usb usb1: SerialNumber: musb_hdrc
hub 1-0:1.0: USB hub found
hub 1-0:1.0: 1 port detected
NET: Registered protocol family 2
IP route cache hash table entries: 1024 (order: 0, 4096 bytes)
TCP established hash table entries: 2048 (order: 2, 16384 bytes)
TCP bind hash table entries: 2048 (order: 1, 8192 bytes)
TCP: Hash tables configured (established 2048 bind 2048)
TCP reno registered
RPC: Registered udp transport module.
RPC: Registered tcp transport module.
RPC: Registered tcp NFSv4.1 backchannel transport module.
alg: No test for stdrng (krng)
Serial: 8250/16550 driver, 2 ports, IRQ sharing disabled
serial8250.0: ttyS0 at MMIO 0x40000000 (irq = 10) is a 16550A
console [ttyS0] enabled
serial8250.1: ttyS1 at MMIO 0x40010000 (irq = 11) is a 16550A
Found M2S MAC at 0x40041000, irq 12
m2s_mac_hw_init: MDC set to 5928571Hz (min) instead 2500000Hz
m2f MII bus: probed
found PHY id 0x221556 addr 0
TCP cubic registered
NET: Registered protocol family 17

The USB WiFi module is initialized by the USB controller:

usb 1-1: new high speed USB device using musb_hdrc and address 2
...
usb 1-1: New USB device found, idVendor=148f, idProduct=5370
usb 1-1: New USB device strings: Mfr=1, Product=2, SerialNumber=3
usb 1-1: Product: 802.11 n WLAN
usb 1-1: Manufacturer: Ralink
usb 1-1: SerialNumber: 1.0

The startup script /etc/rc loads the required kernel modules for the WiFi support:

loading modules...
compat
Compat-wireless backport release: compat-wireless-v3.4-rc3-1
Backport based on linux-stable.git v3.4-rc3
cfg80211
cfg80211: Calling CRDA to update world regulatory domain
mac80211
rt2x00lib
rt2x00usb
rt2800lib
rt2800usb
usbcore: registered new interface driver rt2800usb
~ #

The script below implements the needed actions to start the WiFi access point:

~ # cat start_ap
#!/bin/sh

echo "Starting AP"
ifconfig wlan0 192.168.1.1 up
ifconfig wlan0
hostapd /etc/hostapd-minimal.conf &
echo "Starting DHCP server"
udhcpd -f /etc/udhcpd.conf &
~ #

The script enables the wlan0 WiFi interface, then starts the user-space daemon implementing access point functionality. The daemon configuration file, /etc/hostapd-minimal.conf, has a minimal configuration to implement a no-encryption access point named SmartFusion2:

~ # cat /etc/hostapd-minimal.conf
#change wlan0 to your wireless device
interface=wlan0
driver=nl80211
ssid=smartfusion2
hw_mode=g
max_num_sta=255
channel=2
~ #

The last line in the above script starts the DHCP daemon, providing network auto-configuration for connected clients. The DHCP daemon is configured to assign an address from the 192.168.1.2 - 192.168.1.255 range to the WiFi client.

Let's start the access point by running the script:

~ # ./start_ap
Starting AP
rt2800usb 1-1:1.0: firmware: using built-in firmware rt2870.bin
wlan0 Link encap:Ethernet HWaddr 00:0F:12:44:0C:5D
inet addr:192.168.1.1 Bcast:192.168.1.255 Mask:255.255.255.0
UP BROADCAST MULTICAST MTU:1500 Metric:1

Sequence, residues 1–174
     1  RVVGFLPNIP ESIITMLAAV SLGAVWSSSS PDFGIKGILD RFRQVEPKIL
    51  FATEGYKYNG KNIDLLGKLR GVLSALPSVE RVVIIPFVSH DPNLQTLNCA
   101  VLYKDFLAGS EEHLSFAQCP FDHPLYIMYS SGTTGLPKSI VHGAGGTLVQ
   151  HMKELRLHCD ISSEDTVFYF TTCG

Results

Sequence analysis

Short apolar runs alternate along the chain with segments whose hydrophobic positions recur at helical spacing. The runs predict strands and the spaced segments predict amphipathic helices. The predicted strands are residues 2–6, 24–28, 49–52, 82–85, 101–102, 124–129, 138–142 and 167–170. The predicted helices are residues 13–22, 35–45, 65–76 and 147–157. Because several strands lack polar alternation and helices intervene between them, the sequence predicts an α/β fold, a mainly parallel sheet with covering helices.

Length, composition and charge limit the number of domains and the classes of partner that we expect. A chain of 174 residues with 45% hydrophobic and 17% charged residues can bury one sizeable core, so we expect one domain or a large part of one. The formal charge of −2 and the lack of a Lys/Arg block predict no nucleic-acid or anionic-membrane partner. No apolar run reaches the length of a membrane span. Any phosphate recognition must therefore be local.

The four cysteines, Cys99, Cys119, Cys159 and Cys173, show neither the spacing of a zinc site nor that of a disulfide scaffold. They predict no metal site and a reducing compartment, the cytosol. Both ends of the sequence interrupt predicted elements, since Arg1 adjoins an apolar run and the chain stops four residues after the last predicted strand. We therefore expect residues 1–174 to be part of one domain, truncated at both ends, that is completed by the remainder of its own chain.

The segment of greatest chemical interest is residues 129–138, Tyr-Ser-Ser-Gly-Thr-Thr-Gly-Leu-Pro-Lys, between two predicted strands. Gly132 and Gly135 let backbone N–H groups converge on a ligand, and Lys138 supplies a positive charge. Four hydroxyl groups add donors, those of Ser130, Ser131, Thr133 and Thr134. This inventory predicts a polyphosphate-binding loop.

RX packets:0 errors:0 dropped:0 overruns:0 frame:0
TX packets:0 errors:0 dropped:0 overruns:0 carrier:0
collisions:0 txqueuelen:1000
RX bytes:0 (0.0 B) TX bytes:0 (0.0 B)

Starting DHCP server
udhcpd (v1.17.0) started
Configuration file: /etc/hostapd-minimal.conf
Using interface wlan0 with hwaddr 00:0f:12:44:0c:5d and ssid 'smartfusion2'
~ #

At this point, the access point is ready to accept requests for connection. Using a WiFi-connected notebook or smartphone, scan for available wireless networks and connect to the smartfusion2 network:

While connecting, you should see the progress on the SmartFusion2 console:

wlan0: STA e4:ce:8f:3f:bd:b4 IEEE 802.11: authenticated
wlan0: STA e4:ce:8f:3f:bd:b4 IEEE 802.11: associated (aid 1)
wlan0: AP-STA-CONNECTED e4:ce:8f:3f:bd:b4
Sending OFFER of 192.168.1.2
Sending OFFER of 192.168.1.2
Sending ACK to 192.168.1.2

At this point, the SmartFusion2 is connected to the notebook (or smartphone) over TCP/IP. Let's start the HTTP daemon with a demo webpage on the SmartFusion2:

~ # httpd -h /httpd/html
~ #

On the notebook, open http://192.168.1.1 in the browser and observe the page generated by SmartFusion2:


How Fast is TCP/IP on SmartFusion2 using USB WiFi?

As a very rough estimate for the TCP performance of SmartFusion2 using USB WiFi here is the output of an FTP get command transferring a file from a host in a local network to SmartFusion2:

~ # mount -o nolock 192.168.1.3:/home/psl /mnt
~ # time wget ftp://192.168.1.3/pub/test.dat
Connecting to 192.168.1.3 (192.168.1.3:21)
test.dat 100% |*******************************| 9380k --:--:-- ETA
real   0m   13.53s
user   0m   0.59s
sys    0m   5.65s
~ #

Processing the above results, we get the following TCP performance figure: 9380KB/10.74 = 873.37 KB/sec.

As an estimate of the UDP performance, here is the output of a copy command transferring the same file from an NFS-host to the SmartFusion2:

~ # time cp /mnt/test.dat /
real   0m   9.68s
user   0m   0.00s
sys    0m   1.26s
~ #

The UDP performance is 9380KB/7.55=1242.38 KB/sec.

The WiFi connection rate (as reported in the connection status) was 54 Mb/sec in the above test.